On the wrong steamship.

About Aspergers, Autism and (some) Adventures.

Yeah, yeah, spring is coming :-( — 2019-03-19

Yeah, yeah, spring is coming :-(

Yeah, yeah, I know: “Spring is fluttering its blue ribbon again” (a piece of poetry from German Poet Eduard Mörike). Spring is nice. Spring is pleasant. Spring is lovely.

But for me every March begins a time, when I feel the sunlight as particularly bright, as intrusive.
Do not get me wrong. I like to be in nature and I love to travel alone. Because I love silence.

 

When I have a day off during the week, I’m drawn “to the countryside”, as they say. And during the week there are hardly any people on the hiking trails.

 

I need protection from the sunlight. For many years nobody thought that my headache might have anything to do with the sunlight. When I “get” this glistening light into my eyes, I may not be able to get rid of the glaring, no matter where I look, no matter if I put a towel over my head – it stays there and is glaring in my head. Headaches are the result.

 

I don’t know how other people from the autism spectrum feel about the sun … I like the warm rays and it does my neck, my back good and it relaxes me to sit in the sun for a while. But I also have to be careful.

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Is it time for autistic people to change the world? — 2019-01-28

Is it time for autistic people to change the world?

Is it time for autistic people to change the world?

You probably know Greta Thunberg.
A girl who hurries from conference to conference and advocates CO2 reduction.

She has also encouraged – directly or indirectly – school strikes in some cities.
Does that bring the change, a better world, we hoped for?

Greta is presented in the media as an icon of climate activists.
Greta is said to have “a variant of Aspgerer Syndrome”. (Whatever that means.)

Time to ask myself: Can we, Aspies over the world, be a kind of “role model”? (I don’t want to be presumptuous: I know we are a minority.)

Because what would be – besides avoiding inland flights or sharing a car, planting trees and and and … – really useful?

I believe that school strikes will not turn the tide. (Why should you strike the school? It doesn’t make any sense at all.)

Should students not stand up and speak up much more concretely in their everyday life and in their school environment for …

Not every student should own a smartphone, right??
Or change to a new model every year?
Spend your school trips at the youth hostel instead of going abroad, right?
Planting trees is certainly not wrong. Painting trees on protest posters won’t help.

The “Aspies”, which I know, they act almost without exception more than admirably:

They often live in a humble way in a small room or with their parents. They hold on to their beloved smartphone, do handicrafts, tinker, repair stuff by themselves … often until they ca not do anything and they have to buy a new one.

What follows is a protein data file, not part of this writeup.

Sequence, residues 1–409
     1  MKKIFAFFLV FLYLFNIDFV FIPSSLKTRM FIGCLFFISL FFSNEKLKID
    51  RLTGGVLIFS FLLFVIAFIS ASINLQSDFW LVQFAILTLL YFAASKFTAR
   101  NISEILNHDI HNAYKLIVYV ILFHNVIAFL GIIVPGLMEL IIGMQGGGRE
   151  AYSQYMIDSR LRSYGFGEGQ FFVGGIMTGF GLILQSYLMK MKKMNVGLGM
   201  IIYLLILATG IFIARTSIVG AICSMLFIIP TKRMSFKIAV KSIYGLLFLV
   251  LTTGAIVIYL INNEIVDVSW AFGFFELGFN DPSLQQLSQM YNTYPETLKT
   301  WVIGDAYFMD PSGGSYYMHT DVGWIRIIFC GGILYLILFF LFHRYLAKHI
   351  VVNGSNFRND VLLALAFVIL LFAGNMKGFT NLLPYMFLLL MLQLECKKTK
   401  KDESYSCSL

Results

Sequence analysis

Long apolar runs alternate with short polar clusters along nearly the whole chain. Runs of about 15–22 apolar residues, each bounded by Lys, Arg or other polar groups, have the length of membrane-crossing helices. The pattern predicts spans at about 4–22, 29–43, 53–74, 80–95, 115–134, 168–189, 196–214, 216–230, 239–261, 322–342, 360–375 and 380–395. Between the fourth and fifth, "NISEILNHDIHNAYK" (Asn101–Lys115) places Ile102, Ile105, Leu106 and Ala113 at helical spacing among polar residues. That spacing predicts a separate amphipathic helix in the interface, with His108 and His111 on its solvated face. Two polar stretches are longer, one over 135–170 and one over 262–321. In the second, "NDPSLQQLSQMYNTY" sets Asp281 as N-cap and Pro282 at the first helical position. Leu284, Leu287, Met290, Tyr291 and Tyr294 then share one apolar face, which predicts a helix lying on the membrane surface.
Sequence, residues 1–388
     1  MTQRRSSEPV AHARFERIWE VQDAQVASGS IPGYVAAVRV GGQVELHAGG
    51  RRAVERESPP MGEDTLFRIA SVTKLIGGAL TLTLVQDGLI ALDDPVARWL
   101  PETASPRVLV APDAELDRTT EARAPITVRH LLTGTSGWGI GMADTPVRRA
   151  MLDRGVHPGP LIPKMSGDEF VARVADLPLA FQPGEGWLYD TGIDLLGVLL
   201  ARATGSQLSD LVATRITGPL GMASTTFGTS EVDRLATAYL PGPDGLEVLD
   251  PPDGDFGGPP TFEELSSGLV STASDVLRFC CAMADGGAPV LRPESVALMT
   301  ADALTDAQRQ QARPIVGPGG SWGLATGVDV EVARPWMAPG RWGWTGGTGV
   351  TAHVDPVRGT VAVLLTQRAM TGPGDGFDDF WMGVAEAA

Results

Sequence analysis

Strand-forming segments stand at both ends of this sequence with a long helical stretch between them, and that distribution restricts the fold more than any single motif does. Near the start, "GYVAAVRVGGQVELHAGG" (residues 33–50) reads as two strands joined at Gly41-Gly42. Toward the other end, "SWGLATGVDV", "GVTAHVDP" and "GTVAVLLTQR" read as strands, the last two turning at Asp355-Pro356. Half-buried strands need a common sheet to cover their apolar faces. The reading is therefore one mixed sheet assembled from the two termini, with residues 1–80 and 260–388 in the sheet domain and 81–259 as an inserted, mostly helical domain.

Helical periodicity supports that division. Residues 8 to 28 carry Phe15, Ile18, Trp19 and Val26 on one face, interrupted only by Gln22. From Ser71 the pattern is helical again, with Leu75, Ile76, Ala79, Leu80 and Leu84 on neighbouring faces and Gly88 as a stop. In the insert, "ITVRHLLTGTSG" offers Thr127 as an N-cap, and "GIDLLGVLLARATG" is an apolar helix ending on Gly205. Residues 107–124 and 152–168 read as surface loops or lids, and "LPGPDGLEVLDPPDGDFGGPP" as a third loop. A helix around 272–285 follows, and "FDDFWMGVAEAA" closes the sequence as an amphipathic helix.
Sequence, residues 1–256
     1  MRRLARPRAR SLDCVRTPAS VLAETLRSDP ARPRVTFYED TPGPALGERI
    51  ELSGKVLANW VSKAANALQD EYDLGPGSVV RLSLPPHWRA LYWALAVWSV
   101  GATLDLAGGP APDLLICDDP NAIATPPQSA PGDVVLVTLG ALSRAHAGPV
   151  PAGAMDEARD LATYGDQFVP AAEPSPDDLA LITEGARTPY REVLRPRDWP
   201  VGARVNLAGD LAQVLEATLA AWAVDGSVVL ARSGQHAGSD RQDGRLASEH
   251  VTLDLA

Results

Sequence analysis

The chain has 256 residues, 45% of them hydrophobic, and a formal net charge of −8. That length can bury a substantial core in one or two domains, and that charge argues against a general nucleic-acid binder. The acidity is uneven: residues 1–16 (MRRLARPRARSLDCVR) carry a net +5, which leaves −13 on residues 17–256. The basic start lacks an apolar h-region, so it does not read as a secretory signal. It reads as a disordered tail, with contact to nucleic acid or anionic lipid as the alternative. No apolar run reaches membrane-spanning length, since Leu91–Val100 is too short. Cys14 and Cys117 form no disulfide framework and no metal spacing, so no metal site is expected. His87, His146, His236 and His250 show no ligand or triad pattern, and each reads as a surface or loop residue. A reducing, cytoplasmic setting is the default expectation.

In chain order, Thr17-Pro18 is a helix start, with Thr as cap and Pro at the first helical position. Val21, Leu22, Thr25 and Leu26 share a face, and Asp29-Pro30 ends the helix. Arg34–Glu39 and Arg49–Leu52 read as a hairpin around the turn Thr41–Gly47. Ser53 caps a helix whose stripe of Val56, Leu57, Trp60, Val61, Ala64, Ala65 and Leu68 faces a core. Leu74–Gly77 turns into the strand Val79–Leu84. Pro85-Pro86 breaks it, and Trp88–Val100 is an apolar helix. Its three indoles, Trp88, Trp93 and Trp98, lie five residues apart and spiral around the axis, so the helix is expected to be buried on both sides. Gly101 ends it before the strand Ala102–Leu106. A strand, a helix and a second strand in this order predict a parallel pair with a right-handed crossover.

Many have neither a large Hi-Fi system nor a telly – or both are available, but rarely in operation.
They eat modestly. I don’t know gluttony from any of my Aspie friends.
They live modestly.

And they’re not going on a world tour.  😉

In the language of climate activists, they leave a very, very small “C02 footprint.”

Maybe this is not the time when Aspies change the world. But we can contribute our part. (If we don’t do it to a large extent anyway.) What do you think?

As an Aspie in the workplace … — 2018-10-13
Self-injurious behaviour — 2018-10-07

Self-injurious behaviour

I hit myself when I was a teenager.

If, for example, I couldn’t get any further with my homework or an appointment came closer and closer, but I couldn’t get ahead with that damn paper, I hammer myself at the head, with my hands or even with my finger joints or fist.

As a child, when I was excited or really desperate, I hit the ground with my hands, my arms, my feet until I felt this feeling at the affected parts of my body, this warm tingling stream. I only noticed possible injuries later.

Today this only happens when I really can’t understand something, when there is something which doesn’t want “to go in my head”, when I am very, very stressed, when I am supposed to do something completely illogical, but I can’t do it, then I hit myself on the head again and again. It just happens. Even if I know that this is an absurd behaviour, because it can’t change my tricky situation, it “happens”.
If everything runs smoothly, this does not happen.

But when, when does life run smoothly?

Exhausting. Just exhausting. — 2018-07-11

Exhausting. Just exhausting.

My life as an autist is exhausting.
Hardly a day goes by without an event that drains my reserves of strength.

Be it the tram that breaks down and makes me play the routine for being late, or the oddly hazy sky that makes the sun shine brightly,

Whether it’s an annoying letter that requires me to send some documents within two weeks, or the doctor’s office that replies to my e-mail (!), that I should phone them to make an appointment.

Be it the reckless neighbour who thinks he has to play music on Sundays at 12:00 (!) with the window open or the goods in the supermarket, once again in another place.

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